Add Gravel and Reinforcement

With your base layer of soil compacted, it’s time to add two inches of gravel. Again, this helps with drainage to keep your backyard concrete patio looking beautiful for many years to come. You need to take the same steps with gravel as you did with the soil – tamp it down so it’s smooth and flat. This ensures your concrete forms into a silky smooth pattern once it’s poured.

The final step is to reinforce the concrete to minimize future cracking. Some people choose reinforcing steel mesh, while others use 1/2-inch rebar placed on a 12-inch x 16-inch grid. If you go with the latter, the mesh and rebar will need to be placed on the bottom of your framework and then lifted during the concrete pour so they remain two inches from the bottom of the patio.

Last But Not Least

Finally, you’re ready to have a truck come and pour the concrete. Some people try to mix the concrete themselves, but this can be tedious, especially for a large project. You’ll want to reschedule the concrete pour if the day is hot, windy, or rainy, as these conditions can adversely affect the outcome of your patio.

Common Mistakes to Avoid

Concrete is strong in compression but doesn’t hold up well when any force tries to pull it apart. You can address this tension weakness by reinforcing the concrete with metal rods.

The problem is that most reinforcing rods are made of steel that can easily rust if water sneaks into the concrete. Steel expands when it rusts and causes internal pressure that forces the concrete to come apart. The only way to avoid this is by using corrosion-proof reinforcing rods like galvanized, fiberglass, or epoxy-coated rebar.

Troweling At the Inappropriate Time

Using a trowel to smooth concrete provides an attractive finish to any patio. But this step must happen at just the right time. Doing so too early will lead to the formation of excessive surface water. Troweling too late eliminates your chances of creating a smooth surface because the concrete is no longer soft enough to work with.

The right time to trowel is when the surface water has dried and the concrete is still workable. But that precise moment will vary depending on air temperature and how wet the concrete was to begin with.

Using a Weak Framework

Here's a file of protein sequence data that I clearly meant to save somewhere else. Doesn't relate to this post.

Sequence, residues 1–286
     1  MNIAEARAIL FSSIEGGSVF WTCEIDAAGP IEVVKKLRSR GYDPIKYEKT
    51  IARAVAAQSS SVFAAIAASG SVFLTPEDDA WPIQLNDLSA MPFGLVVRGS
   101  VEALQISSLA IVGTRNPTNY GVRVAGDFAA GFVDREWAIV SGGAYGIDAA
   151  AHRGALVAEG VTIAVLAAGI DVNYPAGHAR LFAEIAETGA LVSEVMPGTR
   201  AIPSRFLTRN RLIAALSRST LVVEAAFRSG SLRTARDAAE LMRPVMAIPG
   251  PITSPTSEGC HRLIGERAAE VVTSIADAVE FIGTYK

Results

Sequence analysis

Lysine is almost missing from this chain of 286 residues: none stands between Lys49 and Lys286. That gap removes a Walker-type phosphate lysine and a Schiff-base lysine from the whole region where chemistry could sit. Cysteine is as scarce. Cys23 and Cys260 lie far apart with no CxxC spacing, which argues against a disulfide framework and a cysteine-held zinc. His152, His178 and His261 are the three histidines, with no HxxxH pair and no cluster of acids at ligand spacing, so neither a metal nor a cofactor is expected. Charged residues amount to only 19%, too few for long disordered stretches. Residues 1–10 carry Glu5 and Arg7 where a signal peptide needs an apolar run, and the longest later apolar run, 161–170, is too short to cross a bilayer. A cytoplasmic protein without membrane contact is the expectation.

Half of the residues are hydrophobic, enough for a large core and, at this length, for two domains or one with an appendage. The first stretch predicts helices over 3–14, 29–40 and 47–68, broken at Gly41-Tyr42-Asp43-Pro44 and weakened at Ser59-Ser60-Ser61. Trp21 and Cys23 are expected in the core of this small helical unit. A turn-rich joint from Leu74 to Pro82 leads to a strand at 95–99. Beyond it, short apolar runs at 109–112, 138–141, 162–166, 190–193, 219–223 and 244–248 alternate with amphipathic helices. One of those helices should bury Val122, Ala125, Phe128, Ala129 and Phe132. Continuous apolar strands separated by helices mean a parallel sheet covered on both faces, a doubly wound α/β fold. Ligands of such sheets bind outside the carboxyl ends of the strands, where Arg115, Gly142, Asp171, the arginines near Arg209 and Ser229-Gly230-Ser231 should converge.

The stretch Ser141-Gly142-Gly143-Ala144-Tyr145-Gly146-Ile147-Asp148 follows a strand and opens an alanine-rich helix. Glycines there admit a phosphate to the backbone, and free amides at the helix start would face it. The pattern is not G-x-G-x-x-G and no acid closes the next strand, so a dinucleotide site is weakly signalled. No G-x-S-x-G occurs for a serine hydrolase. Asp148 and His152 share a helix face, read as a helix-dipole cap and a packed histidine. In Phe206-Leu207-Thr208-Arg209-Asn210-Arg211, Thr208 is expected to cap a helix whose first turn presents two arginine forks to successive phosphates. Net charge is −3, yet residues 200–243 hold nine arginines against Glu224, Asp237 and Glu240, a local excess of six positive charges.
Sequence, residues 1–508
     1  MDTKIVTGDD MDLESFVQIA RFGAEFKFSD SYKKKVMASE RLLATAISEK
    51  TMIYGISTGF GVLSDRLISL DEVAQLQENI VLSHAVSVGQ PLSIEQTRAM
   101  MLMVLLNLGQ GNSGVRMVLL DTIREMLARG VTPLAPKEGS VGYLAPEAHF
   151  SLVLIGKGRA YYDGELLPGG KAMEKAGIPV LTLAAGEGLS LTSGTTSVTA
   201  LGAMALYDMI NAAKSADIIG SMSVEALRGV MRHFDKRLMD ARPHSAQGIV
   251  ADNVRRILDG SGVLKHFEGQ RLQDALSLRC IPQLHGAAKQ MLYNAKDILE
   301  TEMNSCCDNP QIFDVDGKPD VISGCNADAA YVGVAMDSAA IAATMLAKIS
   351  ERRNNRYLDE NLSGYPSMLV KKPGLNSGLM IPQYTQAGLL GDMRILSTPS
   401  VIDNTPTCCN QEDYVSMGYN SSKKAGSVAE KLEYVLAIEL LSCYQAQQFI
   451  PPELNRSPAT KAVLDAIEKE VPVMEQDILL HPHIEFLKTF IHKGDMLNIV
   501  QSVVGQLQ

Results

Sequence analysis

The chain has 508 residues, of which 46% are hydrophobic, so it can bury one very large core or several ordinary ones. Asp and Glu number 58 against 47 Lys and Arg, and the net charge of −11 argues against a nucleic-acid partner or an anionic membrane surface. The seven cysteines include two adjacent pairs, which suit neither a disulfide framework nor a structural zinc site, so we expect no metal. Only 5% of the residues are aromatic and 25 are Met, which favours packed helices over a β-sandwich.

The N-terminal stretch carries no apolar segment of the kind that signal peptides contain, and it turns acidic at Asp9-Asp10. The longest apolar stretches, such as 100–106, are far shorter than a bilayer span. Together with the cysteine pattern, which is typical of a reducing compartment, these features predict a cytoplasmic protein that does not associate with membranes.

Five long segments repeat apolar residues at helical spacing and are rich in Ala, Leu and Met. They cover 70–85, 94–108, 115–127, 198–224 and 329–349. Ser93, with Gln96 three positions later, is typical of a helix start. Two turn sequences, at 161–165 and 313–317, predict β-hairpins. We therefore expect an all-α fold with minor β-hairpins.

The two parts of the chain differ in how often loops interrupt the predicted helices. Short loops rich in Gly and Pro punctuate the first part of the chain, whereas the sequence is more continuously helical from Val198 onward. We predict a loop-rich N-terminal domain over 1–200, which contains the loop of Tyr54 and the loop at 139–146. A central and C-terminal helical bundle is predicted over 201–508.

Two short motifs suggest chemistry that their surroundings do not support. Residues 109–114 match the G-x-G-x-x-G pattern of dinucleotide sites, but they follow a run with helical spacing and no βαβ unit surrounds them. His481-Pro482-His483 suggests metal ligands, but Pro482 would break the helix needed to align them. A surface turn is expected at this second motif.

Your finished patio is only as good as the framework you used to hold the wet concrete. For this reason, you want to check and then double-check your framework before the concrete is poured. Review its strength, ensure it’s tall enough, and use plenty of wood and braces to reinforce it. We like the saying, “If in doubt, build it stout.” A weak framework will distort the shape of your concrete and even cause some spots to be thinner than others.

Building a concrete patio takes time. Even if the steps listed here seem manageable, your best bet is to have a team of professionals handle the work. We are licensed, bonded, and insured with years of experience creating beautiful and lasting patios. Learn more about our services by contacting Summit Concrete & Construction today.

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Great experience! As a woman, I was concerned about hiring a company to redo my porch and pour a patio for all of the obvious reasons. Would the price be competitive, who would be doing the work, how will I know if it is done correctly? Not only was the salesman at Summit extremely thorough in explaining the process to me, he went above and beyond to make sure I knew what was going on and explained the process to me in a way someone who didn't know anything about concrete could understand. The work was done faster than I expected and it is amazing! I love my new patio and porch and I can't wait to work with the people at Summit for the next phase of our build--putting a cover on the patio. Thank you, Summit, for an amazing experience!